Genre: Adult Historical Fiction
Year Release: July 14th, 2020*
Buy Links: Barnes & Noble | Unabridged Books | Libro.fm
Read an eARC from NetGalley
Content warning: Murder, war crimes, sexual assault (not depicted), comfort women, gore, PTSD, terminal illness
A historical fiction journey following one family spanning several generations and centuries. Starting with colonial Japan and a murder, going all the way to post-the-current-year (2035 to be precise) to a V.R. utopia masking future-type horrors unfolding. It’s about cycles of imperialism, violence, and generational trauma, some of which isn’t necessarily dealt with, but very much explored.
Told in a wide range of styles, from interviews to more straightforward narratives to diary entries, I found myself having a hard time believing that this was fiction and not something like a Svetlana Alexievich collection of accounts.
*In an effort to get my reading list under control, I will be finishing up a few ARCs that I should have finished, in some cases, years ago.
Yes, I am embarrassed.
This is a book to enjoy in bits and pieces. I found myself invested in the story of this family. But mostly, I wanted to really sit with the details after each passage of time. In addition, there is wide swath of heavy topics discussed, from military sex slavery, the firebombing of Tokyo, family estrangement, and more. Inheritors does not flinch from sordid details, but approaches them with a frankness that’s often eschewed in fiction. There’s no melodrama about anything, which is why I make the comparison to Svetlana Alexievich and her collections of oral histories of Chernobyl and women fighting during World War II. What also lends to this feeling is that there is no overall plot. It’s a book that’s very history-driven rather than by character or plot.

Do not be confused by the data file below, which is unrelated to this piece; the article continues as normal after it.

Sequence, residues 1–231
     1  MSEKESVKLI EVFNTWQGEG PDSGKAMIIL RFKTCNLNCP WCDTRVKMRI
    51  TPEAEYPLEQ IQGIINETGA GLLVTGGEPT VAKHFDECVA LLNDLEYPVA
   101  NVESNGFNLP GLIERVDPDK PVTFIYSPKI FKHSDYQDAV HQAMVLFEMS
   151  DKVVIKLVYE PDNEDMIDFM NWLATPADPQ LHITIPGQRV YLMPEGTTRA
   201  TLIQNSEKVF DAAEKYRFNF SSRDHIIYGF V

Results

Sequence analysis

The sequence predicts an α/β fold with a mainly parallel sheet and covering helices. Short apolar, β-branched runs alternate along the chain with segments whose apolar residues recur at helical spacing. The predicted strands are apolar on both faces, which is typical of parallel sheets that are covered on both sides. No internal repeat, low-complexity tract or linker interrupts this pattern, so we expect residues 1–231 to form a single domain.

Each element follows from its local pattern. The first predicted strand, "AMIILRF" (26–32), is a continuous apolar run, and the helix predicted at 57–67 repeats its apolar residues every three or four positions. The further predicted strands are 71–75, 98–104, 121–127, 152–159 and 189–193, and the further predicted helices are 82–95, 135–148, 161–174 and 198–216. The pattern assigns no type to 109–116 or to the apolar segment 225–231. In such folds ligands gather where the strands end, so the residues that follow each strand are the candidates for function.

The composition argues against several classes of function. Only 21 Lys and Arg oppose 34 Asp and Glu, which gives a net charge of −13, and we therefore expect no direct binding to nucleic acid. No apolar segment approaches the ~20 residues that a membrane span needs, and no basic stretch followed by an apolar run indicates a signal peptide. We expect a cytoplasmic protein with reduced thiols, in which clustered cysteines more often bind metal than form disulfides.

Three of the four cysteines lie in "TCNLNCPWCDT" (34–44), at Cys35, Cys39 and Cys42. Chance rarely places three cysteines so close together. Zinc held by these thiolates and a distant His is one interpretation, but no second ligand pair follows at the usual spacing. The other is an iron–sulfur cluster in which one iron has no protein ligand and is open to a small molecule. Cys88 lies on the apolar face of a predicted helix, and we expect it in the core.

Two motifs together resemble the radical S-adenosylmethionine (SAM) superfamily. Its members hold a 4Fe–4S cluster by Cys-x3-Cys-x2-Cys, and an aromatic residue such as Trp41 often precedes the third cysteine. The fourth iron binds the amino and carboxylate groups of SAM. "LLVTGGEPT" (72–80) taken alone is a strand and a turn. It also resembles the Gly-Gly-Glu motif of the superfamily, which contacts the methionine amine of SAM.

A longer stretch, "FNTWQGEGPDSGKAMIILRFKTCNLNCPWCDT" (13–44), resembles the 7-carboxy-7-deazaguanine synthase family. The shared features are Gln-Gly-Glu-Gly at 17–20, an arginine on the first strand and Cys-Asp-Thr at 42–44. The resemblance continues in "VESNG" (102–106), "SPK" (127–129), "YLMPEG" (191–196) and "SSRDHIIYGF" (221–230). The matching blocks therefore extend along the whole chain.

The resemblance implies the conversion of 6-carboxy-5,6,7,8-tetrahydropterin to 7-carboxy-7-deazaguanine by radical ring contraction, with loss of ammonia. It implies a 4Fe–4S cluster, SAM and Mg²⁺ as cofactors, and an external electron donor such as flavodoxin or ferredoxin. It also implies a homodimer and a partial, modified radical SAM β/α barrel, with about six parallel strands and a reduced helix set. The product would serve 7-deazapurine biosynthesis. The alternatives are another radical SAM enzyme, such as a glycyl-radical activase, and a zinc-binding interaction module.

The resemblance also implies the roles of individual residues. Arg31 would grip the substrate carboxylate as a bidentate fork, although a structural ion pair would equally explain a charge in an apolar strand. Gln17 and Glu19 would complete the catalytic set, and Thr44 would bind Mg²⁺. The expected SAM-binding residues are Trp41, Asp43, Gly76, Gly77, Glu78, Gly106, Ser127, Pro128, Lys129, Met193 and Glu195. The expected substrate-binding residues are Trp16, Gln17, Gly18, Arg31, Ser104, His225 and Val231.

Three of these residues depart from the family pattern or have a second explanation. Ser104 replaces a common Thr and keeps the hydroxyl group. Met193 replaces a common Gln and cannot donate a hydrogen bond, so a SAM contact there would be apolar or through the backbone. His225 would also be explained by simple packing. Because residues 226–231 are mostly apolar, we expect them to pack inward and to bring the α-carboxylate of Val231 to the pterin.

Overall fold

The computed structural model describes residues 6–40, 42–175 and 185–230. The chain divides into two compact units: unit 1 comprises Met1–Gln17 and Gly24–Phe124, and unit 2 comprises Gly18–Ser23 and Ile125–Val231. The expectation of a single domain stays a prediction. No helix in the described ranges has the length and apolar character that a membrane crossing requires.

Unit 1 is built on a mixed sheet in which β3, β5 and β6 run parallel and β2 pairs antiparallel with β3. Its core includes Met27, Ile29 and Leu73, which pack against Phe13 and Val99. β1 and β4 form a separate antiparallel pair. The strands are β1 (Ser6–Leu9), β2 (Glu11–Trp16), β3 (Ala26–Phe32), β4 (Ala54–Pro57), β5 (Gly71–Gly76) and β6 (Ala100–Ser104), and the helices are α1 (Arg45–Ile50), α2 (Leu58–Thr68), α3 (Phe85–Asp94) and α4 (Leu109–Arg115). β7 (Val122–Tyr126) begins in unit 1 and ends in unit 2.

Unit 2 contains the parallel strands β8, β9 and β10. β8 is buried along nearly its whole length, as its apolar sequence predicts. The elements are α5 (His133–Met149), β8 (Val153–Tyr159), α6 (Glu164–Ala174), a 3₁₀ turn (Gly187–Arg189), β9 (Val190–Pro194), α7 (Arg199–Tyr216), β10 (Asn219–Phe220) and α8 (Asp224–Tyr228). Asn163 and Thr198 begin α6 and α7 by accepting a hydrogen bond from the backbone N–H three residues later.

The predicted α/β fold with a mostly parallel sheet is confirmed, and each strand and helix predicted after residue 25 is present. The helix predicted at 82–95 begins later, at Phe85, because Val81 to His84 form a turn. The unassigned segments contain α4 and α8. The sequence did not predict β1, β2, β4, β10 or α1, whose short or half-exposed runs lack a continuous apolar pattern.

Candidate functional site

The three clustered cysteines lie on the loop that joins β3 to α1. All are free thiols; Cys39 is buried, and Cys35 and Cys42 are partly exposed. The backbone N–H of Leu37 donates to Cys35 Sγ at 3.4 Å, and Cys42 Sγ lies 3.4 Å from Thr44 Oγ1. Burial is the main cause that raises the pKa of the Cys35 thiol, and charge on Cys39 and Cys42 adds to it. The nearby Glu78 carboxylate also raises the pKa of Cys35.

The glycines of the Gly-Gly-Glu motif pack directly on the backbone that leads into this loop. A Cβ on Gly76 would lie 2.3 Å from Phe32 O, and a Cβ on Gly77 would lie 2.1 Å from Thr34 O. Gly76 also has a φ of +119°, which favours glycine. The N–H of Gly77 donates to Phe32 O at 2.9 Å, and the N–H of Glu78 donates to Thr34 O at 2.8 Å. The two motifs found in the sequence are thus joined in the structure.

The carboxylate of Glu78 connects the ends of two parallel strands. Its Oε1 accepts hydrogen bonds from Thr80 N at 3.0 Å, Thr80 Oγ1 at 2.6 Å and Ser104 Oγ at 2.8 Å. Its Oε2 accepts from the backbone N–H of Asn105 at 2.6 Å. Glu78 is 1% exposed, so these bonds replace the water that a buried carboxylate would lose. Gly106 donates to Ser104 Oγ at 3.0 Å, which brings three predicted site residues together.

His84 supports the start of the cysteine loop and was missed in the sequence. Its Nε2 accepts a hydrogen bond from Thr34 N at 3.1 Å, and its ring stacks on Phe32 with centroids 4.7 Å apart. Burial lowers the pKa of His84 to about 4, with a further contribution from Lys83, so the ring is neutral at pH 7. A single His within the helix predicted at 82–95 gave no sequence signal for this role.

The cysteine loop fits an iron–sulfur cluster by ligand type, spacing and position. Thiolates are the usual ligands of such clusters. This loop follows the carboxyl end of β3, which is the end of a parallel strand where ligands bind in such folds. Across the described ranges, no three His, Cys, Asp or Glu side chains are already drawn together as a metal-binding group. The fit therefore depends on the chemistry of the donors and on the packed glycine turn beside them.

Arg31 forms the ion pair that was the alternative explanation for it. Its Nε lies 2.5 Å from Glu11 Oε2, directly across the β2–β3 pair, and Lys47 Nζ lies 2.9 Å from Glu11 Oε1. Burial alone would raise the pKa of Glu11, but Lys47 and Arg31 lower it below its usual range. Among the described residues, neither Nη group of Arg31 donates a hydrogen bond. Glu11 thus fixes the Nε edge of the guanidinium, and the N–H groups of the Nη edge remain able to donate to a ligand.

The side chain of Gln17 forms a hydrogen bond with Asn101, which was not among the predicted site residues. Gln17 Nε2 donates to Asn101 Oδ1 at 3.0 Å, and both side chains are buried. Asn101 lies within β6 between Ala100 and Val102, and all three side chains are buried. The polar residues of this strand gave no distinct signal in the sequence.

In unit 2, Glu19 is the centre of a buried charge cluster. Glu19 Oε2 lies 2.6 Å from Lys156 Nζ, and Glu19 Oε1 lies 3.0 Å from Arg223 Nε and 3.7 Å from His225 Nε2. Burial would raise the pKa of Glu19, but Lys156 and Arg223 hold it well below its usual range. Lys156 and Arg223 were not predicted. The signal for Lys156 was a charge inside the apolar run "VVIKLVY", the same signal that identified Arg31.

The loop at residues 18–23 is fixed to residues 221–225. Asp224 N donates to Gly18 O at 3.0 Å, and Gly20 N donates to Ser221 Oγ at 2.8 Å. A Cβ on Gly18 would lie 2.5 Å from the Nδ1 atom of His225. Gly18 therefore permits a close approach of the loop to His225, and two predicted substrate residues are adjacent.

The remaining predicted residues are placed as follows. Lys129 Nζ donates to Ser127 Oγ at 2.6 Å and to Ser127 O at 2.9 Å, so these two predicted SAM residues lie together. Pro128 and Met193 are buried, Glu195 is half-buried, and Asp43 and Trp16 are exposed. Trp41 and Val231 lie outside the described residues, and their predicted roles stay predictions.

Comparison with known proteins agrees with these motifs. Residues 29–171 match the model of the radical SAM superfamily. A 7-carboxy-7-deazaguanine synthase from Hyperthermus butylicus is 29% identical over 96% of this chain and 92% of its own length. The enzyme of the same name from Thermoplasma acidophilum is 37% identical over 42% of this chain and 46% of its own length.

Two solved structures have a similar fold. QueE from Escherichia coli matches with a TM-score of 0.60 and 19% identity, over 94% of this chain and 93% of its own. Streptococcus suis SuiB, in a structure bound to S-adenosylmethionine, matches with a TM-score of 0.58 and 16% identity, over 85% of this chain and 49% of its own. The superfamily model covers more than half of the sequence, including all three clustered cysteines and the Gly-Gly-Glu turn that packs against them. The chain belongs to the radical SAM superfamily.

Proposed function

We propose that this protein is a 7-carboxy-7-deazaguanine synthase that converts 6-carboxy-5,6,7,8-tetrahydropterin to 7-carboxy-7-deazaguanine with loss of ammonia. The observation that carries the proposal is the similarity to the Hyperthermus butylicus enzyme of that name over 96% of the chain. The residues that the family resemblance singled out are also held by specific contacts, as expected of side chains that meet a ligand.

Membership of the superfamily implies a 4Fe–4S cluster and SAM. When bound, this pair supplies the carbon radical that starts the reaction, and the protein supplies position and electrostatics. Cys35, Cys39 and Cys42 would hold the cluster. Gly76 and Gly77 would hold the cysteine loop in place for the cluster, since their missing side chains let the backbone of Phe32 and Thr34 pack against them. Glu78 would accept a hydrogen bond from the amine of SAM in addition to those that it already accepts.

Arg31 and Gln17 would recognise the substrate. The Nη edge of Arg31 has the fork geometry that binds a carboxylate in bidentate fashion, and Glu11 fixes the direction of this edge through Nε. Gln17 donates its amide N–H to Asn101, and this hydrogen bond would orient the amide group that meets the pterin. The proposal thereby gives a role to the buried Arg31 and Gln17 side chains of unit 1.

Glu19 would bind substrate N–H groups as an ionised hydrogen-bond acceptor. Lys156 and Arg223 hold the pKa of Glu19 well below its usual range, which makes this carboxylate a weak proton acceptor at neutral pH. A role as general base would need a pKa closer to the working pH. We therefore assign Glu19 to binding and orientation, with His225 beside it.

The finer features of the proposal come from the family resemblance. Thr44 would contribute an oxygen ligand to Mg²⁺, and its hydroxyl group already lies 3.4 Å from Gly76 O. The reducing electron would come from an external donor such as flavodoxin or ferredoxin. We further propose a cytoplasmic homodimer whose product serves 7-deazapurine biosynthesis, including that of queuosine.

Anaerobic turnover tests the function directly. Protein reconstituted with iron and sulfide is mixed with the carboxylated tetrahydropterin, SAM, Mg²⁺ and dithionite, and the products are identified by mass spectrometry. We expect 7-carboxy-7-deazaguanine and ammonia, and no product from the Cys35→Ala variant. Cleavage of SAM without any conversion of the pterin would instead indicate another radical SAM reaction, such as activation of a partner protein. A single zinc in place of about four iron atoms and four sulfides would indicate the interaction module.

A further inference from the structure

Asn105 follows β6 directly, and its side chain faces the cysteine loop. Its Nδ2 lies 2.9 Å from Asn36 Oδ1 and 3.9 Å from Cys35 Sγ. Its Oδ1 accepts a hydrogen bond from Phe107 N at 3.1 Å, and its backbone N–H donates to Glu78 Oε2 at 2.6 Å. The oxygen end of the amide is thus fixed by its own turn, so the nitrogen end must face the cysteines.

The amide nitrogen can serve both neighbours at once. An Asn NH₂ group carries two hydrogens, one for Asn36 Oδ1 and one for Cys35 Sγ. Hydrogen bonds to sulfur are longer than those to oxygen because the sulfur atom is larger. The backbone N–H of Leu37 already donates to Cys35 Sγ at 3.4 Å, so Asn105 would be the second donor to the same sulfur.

The section that will stick with me most, I think, is the contemporary segment where a young woman visits Japan having been born in and lived in America. The sense of culture shock is tangible. Both when it comes to her curiosity and the understanding of whose stories belong to whom. It’s heart-wrenching and honest, but not cruel. It will stay with me for a while, as I also experience an analogous distance from my family and roots in northwest Poland.
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